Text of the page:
EQUINOX GRAPHICS / SCIENCE PHOTO LIBRARY EQUINOX GRAPHICS / SCIENCE PHOTO LIBRARY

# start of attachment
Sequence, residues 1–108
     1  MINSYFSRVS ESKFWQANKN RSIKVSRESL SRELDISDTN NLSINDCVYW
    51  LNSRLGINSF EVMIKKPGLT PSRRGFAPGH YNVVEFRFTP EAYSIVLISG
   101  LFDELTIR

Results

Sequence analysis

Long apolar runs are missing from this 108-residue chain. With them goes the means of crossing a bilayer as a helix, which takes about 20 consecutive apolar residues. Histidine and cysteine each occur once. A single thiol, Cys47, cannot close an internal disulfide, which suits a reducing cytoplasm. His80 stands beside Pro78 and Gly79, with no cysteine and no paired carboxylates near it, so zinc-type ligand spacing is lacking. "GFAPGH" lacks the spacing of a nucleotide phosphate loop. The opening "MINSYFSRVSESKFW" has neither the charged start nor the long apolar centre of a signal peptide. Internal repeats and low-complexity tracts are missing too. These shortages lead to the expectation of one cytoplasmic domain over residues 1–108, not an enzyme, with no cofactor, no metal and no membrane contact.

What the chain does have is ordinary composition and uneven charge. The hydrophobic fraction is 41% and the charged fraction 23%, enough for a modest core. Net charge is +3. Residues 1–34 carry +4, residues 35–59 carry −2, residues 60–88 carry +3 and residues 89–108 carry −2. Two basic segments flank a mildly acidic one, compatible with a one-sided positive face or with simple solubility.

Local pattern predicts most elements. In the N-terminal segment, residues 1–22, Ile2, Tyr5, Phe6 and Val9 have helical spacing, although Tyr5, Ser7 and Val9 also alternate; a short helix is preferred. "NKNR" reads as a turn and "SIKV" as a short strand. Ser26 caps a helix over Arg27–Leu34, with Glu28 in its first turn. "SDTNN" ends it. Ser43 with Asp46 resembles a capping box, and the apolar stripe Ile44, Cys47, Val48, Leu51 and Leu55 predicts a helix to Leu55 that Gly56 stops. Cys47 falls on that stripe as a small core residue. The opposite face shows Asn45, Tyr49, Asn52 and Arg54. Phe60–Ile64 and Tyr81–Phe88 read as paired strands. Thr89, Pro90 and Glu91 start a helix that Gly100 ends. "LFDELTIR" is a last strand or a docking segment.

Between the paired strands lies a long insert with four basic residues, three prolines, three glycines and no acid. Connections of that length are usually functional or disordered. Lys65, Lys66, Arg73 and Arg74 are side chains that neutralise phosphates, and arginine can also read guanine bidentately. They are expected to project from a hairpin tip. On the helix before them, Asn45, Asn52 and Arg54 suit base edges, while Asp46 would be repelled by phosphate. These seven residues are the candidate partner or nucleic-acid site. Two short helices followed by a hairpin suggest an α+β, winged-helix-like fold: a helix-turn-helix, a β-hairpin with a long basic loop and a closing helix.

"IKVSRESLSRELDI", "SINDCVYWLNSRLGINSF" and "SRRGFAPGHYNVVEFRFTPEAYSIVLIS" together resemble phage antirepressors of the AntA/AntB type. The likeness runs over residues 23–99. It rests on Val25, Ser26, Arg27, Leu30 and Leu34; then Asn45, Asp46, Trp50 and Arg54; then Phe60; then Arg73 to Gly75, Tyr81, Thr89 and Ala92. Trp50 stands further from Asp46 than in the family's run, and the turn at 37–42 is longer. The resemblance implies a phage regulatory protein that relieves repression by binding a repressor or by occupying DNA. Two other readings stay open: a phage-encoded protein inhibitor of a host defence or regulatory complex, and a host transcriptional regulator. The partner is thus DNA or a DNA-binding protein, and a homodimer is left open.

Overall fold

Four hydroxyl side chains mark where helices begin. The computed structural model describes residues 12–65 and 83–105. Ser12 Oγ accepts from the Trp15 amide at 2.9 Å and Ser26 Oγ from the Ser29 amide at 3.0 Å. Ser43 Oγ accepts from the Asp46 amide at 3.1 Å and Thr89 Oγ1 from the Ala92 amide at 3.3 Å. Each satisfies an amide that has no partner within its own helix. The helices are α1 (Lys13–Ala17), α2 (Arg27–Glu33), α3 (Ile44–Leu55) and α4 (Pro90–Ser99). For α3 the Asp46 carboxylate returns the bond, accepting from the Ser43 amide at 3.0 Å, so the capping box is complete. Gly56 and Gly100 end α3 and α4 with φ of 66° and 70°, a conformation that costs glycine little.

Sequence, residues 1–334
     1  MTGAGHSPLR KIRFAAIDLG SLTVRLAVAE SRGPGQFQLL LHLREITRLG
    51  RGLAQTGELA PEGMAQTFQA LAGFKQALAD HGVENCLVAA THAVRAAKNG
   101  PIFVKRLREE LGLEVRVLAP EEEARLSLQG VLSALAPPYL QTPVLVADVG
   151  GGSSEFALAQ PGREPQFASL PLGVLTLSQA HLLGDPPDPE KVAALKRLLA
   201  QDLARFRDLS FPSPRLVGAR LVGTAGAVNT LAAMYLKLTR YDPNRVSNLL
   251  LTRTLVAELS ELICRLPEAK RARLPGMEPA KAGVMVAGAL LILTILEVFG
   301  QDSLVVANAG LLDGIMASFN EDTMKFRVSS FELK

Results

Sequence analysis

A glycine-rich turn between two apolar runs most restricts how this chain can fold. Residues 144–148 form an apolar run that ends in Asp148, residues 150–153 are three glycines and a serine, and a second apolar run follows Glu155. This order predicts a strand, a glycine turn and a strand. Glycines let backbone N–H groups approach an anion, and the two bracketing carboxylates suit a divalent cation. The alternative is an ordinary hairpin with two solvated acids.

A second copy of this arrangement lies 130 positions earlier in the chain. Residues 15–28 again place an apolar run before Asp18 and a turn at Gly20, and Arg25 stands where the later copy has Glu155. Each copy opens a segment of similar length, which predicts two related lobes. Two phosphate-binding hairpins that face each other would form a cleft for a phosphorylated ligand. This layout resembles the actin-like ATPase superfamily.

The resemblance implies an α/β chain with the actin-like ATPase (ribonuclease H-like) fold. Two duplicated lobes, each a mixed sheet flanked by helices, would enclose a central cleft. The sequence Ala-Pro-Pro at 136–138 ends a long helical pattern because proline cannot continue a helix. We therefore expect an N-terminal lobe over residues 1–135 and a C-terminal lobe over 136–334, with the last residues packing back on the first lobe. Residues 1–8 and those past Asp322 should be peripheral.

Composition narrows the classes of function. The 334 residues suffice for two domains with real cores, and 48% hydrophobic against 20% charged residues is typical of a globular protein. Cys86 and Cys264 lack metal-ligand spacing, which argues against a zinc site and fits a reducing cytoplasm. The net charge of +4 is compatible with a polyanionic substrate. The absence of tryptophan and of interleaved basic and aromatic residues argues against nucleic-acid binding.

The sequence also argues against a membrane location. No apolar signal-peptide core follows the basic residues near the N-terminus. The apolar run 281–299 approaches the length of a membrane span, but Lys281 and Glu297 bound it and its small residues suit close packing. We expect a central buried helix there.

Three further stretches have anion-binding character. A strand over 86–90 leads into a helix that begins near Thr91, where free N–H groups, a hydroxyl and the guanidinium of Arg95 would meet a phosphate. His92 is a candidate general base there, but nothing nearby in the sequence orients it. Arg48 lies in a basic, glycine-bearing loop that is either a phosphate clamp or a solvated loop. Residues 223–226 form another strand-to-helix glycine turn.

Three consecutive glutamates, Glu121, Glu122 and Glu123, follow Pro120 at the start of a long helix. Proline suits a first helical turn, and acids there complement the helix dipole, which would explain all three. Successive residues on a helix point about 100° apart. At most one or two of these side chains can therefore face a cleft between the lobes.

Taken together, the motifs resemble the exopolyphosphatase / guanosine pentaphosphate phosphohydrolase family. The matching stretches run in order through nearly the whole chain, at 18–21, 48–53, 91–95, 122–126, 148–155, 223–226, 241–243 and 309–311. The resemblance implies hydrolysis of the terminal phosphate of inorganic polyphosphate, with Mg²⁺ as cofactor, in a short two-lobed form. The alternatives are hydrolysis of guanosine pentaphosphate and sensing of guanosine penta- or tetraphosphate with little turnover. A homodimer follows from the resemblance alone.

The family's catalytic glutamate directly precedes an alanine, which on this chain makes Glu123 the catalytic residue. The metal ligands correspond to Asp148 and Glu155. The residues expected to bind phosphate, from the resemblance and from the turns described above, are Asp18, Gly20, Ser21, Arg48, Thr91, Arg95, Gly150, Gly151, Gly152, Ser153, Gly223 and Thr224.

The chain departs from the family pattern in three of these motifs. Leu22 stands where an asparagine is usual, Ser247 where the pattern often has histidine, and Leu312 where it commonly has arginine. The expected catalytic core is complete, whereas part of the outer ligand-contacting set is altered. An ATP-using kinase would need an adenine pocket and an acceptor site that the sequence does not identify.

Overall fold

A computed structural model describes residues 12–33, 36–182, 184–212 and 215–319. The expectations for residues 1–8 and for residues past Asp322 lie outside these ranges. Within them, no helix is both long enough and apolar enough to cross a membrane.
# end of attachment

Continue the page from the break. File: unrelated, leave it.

Animation of the CNO cycle, a series of nuclear reactions that provides most of the energy in massive stars. The cycle converts four hydrogen nuclei (protons, red) into a helium nucleus, with a release of energy. It is a catalytic cycle, named as the nuclear reactions cycle through isotopes of carbon, nitrogen and oxygen. Initially, a free proton fuses with a carbon-12 nucleus, forming nitrogen-13 and emitting a gamma ray (yellow wave). This undergoes beta decay, in which a proton is converted to a neutron (yellow) with the emission of a positron (orange) and a neutrino (pink), forming carbon-13. Another proton then fuses, forming nitrogen-14 and a gamma ray, followed by a third proton, forming oxygen-15 and another gamma ray. This undergoes beta decay to nitrogen-15, emitting a positron and neutrino, before the fusion of a fourth proton ejects an alpha particle (helium-4), reforming the carbon-12. The process repeats in an endless cycle, converting hydrogen to helium and emitting energy. The CNO cycle is the dominant energy source for stars more than 1.3 times the Sun's mass. In Sun-sized stars, the proton-proton chain dominates: just 0.8% of the Sun's energy is produced by this cycle. There are three other CNO cycles, occurring less frequently. CNO-II occurs very rarely in the Sun, but more frequently in more massive stars. CNO-III and CNO-IV are only significant in very massive stars. For the proton-proton chain powering the Sun, see clip K003/3971.
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